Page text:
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Narrative Review of Decision-Making Processes in Critical Care

Alexis Ruiz, Adrian MD*; Wyszyńska, Patrycja K. MA; Laudanski, Krzysztof MD, PhD, AM FCCM*

doi: 10.1213/ANE.0000000000003683
Healthcare Economics, Policy, and Organization

Several theories describing the decision-making process in the intensive care unit (ICU) have been formulated. However, none of them appreciate the complexities of the process in an eclectic way by unifying several miscellaneous variables in 1 comprehensive theory. The purpose of this review is to highlight the key intricacies associated with the decision-making process in the ICU, to describe the theoretical frameworks with a special emphasis on gaps of knowledge, and to offer some avenues for improvement. The application of theoretical framework helps us to understand and to modify the structure of the process. Expected utility theory, regret theory, prospect theory, fuzzy-trace theory, construal level theory, and quantum probability theory were formulated over the years to appreciate an increased complexity of the decision-making process in the ICU. However the decision makers engage, these models may affect patient care because each of these frameworks has several benefits and downsides. There are gaps of knowledge in understanding how physicians match the different theoretical frameworks of the decision-making process with the potentially high ICU variability and load, especially when the “best outcome” is often nondiscrete and multidimensional. Furthermore, it is unclear when the preferential application of reflexive, habitual, variable, and biased-prone processes results in patient and staff detriment. We suggest better matching of theoretical frameworks with strengths of the human decision-making process and balanced application computer aids, artificial intelligence, and organizational modifications. The key component of this integration is work to increase the self-awareness of decision-making processes among residents, fellows, and attending physicians.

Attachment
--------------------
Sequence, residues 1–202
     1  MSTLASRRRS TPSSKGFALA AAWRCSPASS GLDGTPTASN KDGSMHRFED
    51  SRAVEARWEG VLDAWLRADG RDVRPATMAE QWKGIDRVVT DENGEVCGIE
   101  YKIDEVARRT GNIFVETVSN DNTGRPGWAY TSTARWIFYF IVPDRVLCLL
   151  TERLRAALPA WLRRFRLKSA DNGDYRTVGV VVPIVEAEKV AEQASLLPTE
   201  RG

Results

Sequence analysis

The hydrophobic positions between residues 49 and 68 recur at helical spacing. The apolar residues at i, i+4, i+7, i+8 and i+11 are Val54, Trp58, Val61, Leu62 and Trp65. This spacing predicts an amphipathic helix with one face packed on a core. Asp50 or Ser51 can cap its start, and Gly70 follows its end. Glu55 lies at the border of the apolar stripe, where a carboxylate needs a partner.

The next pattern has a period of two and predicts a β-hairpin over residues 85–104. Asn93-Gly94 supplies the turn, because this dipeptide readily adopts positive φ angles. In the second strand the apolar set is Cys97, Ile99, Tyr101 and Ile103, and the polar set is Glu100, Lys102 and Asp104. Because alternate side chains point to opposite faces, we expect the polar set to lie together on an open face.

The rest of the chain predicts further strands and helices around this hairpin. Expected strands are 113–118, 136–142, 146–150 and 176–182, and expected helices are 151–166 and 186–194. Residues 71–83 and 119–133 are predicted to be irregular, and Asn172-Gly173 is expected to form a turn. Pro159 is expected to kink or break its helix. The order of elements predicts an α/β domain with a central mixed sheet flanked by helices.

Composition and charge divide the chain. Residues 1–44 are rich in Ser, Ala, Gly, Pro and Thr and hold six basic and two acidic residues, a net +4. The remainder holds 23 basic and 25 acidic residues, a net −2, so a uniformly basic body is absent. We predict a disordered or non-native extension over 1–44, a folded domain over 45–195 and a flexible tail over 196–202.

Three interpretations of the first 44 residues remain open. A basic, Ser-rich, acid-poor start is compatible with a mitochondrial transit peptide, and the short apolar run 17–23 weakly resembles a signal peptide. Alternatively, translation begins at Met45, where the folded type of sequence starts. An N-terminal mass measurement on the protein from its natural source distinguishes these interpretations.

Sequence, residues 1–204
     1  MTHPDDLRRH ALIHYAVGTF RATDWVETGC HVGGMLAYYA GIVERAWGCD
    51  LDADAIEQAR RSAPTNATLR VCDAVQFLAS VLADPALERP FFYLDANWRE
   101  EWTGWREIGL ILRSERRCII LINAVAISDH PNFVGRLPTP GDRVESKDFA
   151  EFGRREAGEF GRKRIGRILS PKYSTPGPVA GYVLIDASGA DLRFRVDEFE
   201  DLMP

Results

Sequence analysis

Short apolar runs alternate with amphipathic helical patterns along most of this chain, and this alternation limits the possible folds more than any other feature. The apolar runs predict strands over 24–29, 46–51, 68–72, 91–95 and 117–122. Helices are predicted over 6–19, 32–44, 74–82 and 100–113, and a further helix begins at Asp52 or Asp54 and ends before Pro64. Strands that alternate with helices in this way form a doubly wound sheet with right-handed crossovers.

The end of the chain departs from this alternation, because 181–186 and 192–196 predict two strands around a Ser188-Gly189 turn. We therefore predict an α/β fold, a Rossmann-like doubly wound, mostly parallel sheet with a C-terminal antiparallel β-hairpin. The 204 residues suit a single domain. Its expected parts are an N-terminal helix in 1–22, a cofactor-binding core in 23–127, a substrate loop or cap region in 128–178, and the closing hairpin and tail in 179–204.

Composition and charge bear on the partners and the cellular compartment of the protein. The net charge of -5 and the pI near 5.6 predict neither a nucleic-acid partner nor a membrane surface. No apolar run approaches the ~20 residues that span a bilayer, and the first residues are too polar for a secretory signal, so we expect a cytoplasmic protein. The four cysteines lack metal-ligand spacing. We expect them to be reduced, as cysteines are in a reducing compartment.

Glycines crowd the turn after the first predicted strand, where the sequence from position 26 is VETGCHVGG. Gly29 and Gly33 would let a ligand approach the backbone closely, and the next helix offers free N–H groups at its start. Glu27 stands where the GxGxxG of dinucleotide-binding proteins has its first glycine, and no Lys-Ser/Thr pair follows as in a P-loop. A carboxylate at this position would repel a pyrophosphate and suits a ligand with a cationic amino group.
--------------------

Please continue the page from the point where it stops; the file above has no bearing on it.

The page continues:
From the *Department of Anesthesiology and Critical Care, Perelman School of Medicine at the University of Pennsylvania, Philadelphia, Pennsylvania

Institute of Psychology, Cardinal Wyszyński University, Warsaw, Poland.

Published ahead of print 19 June 2018.

Accepted for publication June 19, 2018.

Funding: None.

The authors declare no conflicts of interest.

Reprints will not be available from the authors.

Address correspondence to Krzysztof Laudanski, MD, PhD, AM FCCM, Department of Anesthesiology and Critical Care, Perelman School of Medicine at the University of Pennsylvania, 3620 Hamilton Walk, Philadelphia, PA 19104. Address e-mail to

Copyright © 2018 International Anesthesia Research Society
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